This year, Virginia Community Capital received a grant from the Oak Hill Fund to explore implementation of PACE financing in Virginia. As part of this grant, VCC held an initial stakeholder meeting on July 14, 2015 where attendees heard about the new PACE law that went into effect on July 1, 2015 as well as from guest speakers from other states. On December 8th, Virginia Community Capital (“VCC”) held the final Virginia PACE Financing stakeholder meeting at the Trane facility in Ashland. At this meeting, the Department of Mines, Minerals and Energy (DMME) gave an overview of the new PACE financial underwriting guidelines that went to effect December 1, 2015 and Rich Dooley, of Arlington County gave an update on Arlington’s plans to issue an RFP for a program administrator. Then I joined Neal Barber of Community Futures to present the findings from our grant research. Afterwards, attendees broke out into groups to discuss these recommendations and offer their insights.
As a seasoned executive within state and local governments for 40 years, Neal was selected to interview local elected officials and staff from across Virginia. During the fall, Neal met or spoke with 35 jurisdictions to gauge the level of knowledge and interest in participating in a PACE financing program. For the most part, his research revealed that few jurisdictions were currently aware of PACE with the exception of those with dedicated sustainability officials. Although there was definitely interest in the concept of PACE as an economic development tool, top conclusions from these interviews revealed that there is a:
- Need for significant education to different parts of a locality’s staff to explain how PACE would impact them
- Benefit to engaging a local champion to push PACE as a priority item within a locality
- Interest in a centralized “plug and play” program
- Preference for seeing how PACE is adopted in other jurisdictions before taking the proverbial plunge.
Given my deep knowledge of PACE programs around the country and extensive work in Virginia, I was asked to analyze national best practices and develop an initial set of recommendations for our state. Some highlights include:
- A minimum annual project volume of $10-20 million is needed to sustain a PACE program, assuming upfront ongoing administration fees are the primary source of funding for the administrator.
- Most successful programs have or had internal funding or financing structures such as the Green Bank in Connecticut.
- Successful programs tend to be located in areas with high utility rates, robust incentive structures, and/or higher energy usage such as California and Connecticut.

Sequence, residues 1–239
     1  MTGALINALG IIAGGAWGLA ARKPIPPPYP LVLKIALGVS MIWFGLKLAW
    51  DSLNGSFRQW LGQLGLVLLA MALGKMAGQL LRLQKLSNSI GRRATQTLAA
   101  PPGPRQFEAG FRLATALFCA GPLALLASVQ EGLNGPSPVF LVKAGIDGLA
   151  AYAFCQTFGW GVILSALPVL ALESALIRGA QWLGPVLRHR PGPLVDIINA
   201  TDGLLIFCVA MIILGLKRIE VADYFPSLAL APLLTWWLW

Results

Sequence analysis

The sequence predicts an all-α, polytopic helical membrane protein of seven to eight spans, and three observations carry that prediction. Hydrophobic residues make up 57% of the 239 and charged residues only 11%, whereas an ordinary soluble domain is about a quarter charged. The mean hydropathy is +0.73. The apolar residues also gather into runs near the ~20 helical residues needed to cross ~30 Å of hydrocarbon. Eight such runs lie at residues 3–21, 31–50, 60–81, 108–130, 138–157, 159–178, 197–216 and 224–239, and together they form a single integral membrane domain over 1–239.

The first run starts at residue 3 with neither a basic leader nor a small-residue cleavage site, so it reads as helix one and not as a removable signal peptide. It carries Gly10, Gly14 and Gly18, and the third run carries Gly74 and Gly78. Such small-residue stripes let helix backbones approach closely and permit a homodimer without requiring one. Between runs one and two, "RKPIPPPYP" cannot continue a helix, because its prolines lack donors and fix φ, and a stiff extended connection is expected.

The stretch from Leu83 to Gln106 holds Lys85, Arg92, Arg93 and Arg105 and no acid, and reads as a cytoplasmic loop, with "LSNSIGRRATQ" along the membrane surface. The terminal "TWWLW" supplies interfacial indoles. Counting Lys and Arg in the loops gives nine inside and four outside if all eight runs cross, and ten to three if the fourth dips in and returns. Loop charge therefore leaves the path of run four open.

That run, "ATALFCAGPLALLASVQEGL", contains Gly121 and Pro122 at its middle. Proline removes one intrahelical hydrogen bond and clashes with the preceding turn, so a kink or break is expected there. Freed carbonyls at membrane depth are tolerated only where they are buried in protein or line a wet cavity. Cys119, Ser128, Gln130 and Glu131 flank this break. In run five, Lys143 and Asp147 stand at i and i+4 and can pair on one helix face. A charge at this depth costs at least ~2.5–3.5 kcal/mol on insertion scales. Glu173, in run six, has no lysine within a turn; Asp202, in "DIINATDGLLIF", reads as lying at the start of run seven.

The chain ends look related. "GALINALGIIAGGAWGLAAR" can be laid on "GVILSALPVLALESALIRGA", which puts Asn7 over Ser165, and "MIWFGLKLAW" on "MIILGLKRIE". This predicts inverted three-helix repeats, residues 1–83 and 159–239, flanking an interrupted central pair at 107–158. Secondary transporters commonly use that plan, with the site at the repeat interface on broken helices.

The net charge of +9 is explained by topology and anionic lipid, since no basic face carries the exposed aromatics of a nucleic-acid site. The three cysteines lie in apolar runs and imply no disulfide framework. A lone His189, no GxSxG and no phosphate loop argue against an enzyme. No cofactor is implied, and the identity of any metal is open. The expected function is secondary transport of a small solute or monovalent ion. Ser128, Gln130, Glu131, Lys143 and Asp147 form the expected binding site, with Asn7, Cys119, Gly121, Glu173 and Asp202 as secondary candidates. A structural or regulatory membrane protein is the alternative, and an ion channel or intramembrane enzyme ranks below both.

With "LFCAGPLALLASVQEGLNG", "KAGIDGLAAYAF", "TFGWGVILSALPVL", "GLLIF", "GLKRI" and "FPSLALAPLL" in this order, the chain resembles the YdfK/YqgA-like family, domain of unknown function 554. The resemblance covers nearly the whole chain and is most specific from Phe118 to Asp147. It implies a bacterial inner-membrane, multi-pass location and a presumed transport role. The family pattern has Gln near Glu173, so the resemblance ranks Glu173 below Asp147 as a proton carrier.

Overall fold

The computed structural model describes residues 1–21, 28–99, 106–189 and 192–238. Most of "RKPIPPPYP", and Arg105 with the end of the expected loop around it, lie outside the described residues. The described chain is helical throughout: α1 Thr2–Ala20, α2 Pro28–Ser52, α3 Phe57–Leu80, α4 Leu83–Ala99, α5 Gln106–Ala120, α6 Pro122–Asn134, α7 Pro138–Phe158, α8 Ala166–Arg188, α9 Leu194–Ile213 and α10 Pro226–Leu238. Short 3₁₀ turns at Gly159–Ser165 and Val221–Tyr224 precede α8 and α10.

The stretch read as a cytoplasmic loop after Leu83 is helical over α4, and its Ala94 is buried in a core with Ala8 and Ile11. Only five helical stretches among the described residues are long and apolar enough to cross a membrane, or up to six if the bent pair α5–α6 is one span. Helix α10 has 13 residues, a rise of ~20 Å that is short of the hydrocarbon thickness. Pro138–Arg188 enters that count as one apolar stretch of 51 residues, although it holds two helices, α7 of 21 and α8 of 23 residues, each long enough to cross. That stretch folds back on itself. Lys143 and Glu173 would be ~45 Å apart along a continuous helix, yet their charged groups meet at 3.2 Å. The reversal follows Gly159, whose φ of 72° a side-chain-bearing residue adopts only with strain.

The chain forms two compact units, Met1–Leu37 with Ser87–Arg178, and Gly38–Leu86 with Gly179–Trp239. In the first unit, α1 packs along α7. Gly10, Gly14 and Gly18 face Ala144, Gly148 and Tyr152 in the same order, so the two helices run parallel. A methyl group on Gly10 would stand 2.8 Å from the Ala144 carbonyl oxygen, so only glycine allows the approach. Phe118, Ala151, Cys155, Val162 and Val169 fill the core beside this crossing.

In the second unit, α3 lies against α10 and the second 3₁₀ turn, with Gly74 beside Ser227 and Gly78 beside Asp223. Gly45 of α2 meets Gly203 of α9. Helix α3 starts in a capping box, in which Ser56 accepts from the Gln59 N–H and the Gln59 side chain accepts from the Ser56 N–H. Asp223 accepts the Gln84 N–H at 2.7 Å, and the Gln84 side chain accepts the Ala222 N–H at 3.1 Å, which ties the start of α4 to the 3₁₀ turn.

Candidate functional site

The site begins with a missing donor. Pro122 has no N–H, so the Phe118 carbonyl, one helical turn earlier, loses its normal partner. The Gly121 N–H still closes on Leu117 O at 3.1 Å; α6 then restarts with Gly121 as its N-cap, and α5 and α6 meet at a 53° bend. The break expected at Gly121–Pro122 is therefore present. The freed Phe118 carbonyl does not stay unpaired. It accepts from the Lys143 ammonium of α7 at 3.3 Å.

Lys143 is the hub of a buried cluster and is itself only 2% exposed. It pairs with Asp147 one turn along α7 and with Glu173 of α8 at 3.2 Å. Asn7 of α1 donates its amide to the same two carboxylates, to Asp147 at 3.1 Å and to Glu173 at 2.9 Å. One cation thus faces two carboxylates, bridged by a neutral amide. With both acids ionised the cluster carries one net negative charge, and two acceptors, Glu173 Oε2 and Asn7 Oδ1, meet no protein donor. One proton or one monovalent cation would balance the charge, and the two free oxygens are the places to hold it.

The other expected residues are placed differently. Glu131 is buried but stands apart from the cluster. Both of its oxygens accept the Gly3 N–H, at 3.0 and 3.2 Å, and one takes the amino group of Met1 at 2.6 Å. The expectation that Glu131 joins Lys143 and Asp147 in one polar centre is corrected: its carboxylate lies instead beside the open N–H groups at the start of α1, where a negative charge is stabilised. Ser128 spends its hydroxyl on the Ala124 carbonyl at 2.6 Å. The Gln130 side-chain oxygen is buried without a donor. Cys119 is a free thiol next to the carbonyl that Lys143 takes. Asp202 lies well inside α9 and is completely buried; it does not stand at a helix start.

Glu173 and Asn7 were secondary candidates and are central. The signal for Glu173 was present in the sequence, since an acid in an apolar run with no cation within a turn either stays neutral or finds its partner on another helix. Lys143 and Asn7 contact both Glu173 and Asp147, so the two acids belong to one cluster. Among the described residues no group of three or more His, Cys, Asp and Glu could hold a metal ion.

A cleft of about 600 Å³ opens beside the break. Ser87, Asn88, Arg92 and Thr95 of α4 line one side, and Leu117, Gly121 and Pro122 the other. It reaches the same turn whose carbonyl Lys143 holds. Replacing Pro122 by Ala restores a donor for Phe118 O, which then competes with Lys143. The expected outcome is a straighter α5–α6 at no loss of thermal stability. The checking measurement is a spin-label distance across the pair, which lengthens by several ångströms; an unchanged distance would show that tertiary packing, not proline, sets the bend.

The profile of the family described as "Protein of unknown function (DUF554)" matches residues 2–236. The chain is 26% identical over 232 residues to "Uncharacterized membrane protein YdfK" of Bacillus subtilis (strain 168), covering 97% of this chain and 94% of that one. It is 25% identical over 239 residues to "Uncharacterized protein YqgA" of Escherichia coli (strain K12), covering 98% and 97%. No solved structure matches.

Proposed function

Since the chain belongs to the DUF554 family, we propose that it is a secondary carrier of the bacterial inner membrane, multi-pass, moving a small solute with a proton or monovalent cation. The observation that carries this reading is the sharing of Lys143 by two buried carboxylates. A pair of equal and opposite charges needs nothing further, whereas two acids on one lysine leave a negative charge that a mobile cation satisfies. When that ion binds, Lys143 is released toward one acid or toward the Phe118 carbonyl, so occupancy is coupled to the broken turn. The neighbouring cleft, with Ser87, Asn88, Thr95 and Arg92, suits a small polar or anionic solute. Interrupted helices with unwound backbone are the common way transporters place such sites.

- The cost to develop (set-up and implementation) a PACE program is estimated to be $500K to $1 million for a full service program administrator.
- Although smaller projects (under $300k) represent a major source of deal flow, the costs to both the program administrator and the building owner are often prohibitively high and must be streamlined to be a viable product line.
- Education is key and must be a major budget item both to convince localities of the program’s value and to train key channel partners.
Although much more research is required to develop a detailed implementation plan, some initial recommendations include:
- Develop a P3 platform through alignment with a new or existing statewide entity with a standardized set of documents and procedures such as: model ordinance, underwriting criteria, and vetted contractors and capital providers. This state-level entity would partner with regional and local institutions to leverage existing relationships and marketing infrastructure.
- Prioritize two or three localities with the maximum potential for the first year.
- Identify creative ways (such as job creation/training grants) to provide the program administrator with funding that generates a healthy pipeline quickly.
Arlington County is forging ahead with developing a PACE program. This past week, Arlington held the first of several planned discussions on the benefits of PACE to local stakeholders – this one geared toward commercial real estate lenders. I, along with Arlington’s Rich Dooley, fielded many thoughtful questions during this lively discussion, demonstrating first hand the absolute importance of education when introducing a new product to the market.
Abby Johnson, Founder Abacus Property Solutions (VAEEC Member – Individual)